It’s been said quite a bit in the last 24 hours how “the right way” for the Rangers has been “the hard way” all season. The Rangers always have to find a way to come from behind, dig out a win and just endure.
But the Rangers also have sacrificed the body all season by blocking shots and delivering necessary hits. We fans have been trained over the course of the season to believe both things are a good thing.
But are they really?
In Game 5, the Rangers blocked 19 shots (to the Senators 10) and had 41 hits (to the Senators 22). In Game 4, the Rangers blocked 30 shots (to the Senators 8 ) and had 26 hits (to the Senators 32).
But there’s something to remember about both of these stats: The Rangers do not have the puck.
Many times when the Rangers were blocking shots, especially in Game 4, they took themselves out of the play. If you’re lying across the ice, how can you pick off the puck? And many times when the Rangers blocked a shot, it rebounded right back to a Senator. There’s no attempting to steal the puck when they’re blocking shots.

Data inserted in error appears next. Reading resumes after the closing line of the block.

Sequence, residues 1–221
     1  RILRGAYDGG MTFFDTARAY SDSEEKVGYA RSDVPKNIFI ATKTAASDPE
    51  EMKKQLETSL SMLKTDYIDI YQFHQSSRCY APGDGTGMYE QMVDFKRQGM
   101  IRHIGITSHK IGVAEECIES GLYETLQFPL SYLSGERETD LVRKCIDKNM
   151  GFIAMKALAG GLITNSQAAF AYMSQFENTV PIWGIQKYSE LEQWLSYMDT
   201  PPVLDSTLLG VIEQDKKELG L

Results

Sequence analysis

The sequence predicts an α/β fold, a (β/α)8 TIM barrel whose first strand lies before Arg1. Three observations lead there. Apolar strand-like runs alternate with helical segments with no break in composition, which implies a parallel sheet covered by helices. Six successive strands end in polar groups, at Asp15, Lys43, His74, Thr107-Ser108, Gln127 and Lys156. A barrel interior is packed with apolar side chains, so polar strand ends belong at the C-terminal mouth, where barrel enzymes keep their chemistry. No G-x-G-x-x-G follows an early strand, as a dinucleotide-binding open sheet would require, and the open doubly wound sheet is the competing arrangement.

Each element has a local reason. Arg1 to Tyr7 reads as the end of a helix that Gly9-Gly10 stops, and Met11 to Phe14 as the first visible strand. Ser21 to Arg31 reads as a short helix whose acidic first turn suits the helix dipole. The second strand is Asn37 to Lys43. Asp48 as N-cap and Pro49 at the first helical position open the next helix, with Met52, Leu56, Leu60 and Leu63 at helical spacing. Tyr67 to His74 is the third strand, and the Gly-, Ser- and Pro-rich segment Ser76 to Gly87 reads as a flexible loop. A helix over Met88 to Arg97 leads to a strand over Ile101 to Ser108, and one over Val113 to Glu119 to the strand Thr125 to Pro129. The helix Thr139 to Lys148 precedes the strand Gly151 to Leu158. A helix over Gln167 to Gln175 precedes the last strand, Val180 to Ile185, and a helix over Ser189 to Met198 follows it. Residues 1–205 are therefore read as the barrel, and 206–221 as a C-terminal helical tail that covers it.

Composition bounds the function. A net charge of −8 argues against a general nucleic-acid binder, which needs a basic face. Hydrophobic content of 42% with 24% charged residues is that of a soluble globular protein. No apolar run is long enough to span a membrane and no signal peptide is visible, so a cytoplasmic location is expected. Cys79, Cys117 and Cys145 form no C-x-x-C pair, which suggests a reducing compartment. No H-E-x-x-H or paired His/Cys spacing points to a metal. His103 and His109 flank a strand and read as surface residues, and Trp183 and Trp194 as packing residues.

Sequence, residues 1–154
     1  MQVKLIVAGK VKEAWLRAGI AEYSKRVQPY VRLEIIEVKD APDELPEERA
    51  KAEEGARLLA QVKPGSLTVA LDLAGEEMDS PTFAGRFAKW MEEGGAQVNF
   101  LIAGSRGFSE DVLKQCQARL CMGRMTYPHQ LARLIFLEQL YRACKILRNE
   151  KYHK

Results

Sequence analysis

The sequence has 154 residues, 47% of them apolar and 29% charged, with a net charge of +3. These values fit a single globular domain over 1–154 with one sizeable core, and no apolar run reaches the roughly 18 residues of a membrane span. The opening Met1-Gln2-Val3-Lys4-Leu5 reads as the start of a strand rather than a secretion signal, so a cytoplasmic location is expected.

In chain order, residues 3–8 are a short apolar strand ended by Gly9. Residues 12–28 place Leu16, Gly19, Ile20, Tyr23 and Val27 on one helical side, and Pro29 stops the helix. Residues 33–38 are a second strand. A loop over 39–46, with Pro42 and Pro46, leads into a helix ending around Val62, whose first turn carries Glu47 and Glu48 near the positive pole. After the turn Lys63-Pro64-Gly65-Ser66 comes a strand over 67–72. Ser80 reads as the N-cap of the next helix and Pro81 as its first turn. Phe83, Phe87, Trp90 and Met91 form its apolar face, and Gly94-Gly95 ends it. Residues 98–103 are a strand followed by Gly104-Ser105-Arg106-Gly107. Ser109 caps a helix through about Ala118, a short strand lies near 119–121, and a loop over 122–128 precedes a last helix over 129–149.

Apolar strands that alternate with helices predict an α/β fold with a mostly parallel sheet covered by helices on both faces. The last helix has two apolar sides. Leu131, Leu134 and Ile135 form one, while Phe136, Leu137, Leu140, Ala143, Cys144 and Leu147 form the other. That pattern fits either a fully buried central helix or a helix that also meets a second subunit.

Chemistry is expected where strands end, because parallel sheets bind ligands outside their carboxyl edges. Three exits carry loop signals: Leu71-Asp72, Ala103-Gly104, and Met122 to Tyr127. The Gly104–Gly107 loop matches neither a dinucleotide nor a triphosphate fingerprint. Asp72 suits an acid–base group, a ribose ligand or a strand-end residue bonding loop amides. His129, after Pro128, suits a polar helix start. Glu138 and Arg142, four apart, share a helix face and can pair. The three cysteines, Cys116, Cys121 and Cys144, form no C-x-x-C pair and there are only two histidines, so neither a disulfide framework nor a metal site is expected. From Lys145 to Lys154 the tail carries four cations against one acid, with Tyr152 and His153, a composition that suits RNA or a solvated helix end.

The effort to stop shots and dedication to defense is admirable and should be encouraged, but to what extent? That’s especially true when you’re struggling to score.
The same goes for hits. For years I feel like fans have been trained to believe hits is an important stat, but it really isn’t. If you are hitting players, it means you don’t have the puck. If you don’t have the puck, you can’t score, especially if the hit doesn’t generate a turnover. And these days you also run the risk of taking a penalty with a big hit.
The Rangers biggest problem in these three losses has been puck possession. Many of the issues we’ve seen — such as faceoffs — means the Rangers don’t have the puck. Don’t win the faceoff, you don’t have the puck. Block a shot and let it rebound to the Senators, you don’t have the puck.
The Rangers clearly still have a chance in this series, as disappointing as Game 5 was. But it requires them to bring the aggression. They need to establish their forecheck and control the play, which means they’ll have the puck most often. The Rangers forecheck, aggression and puck control is what earned them the first seed this season. They need to get back to that, the basics of their game.
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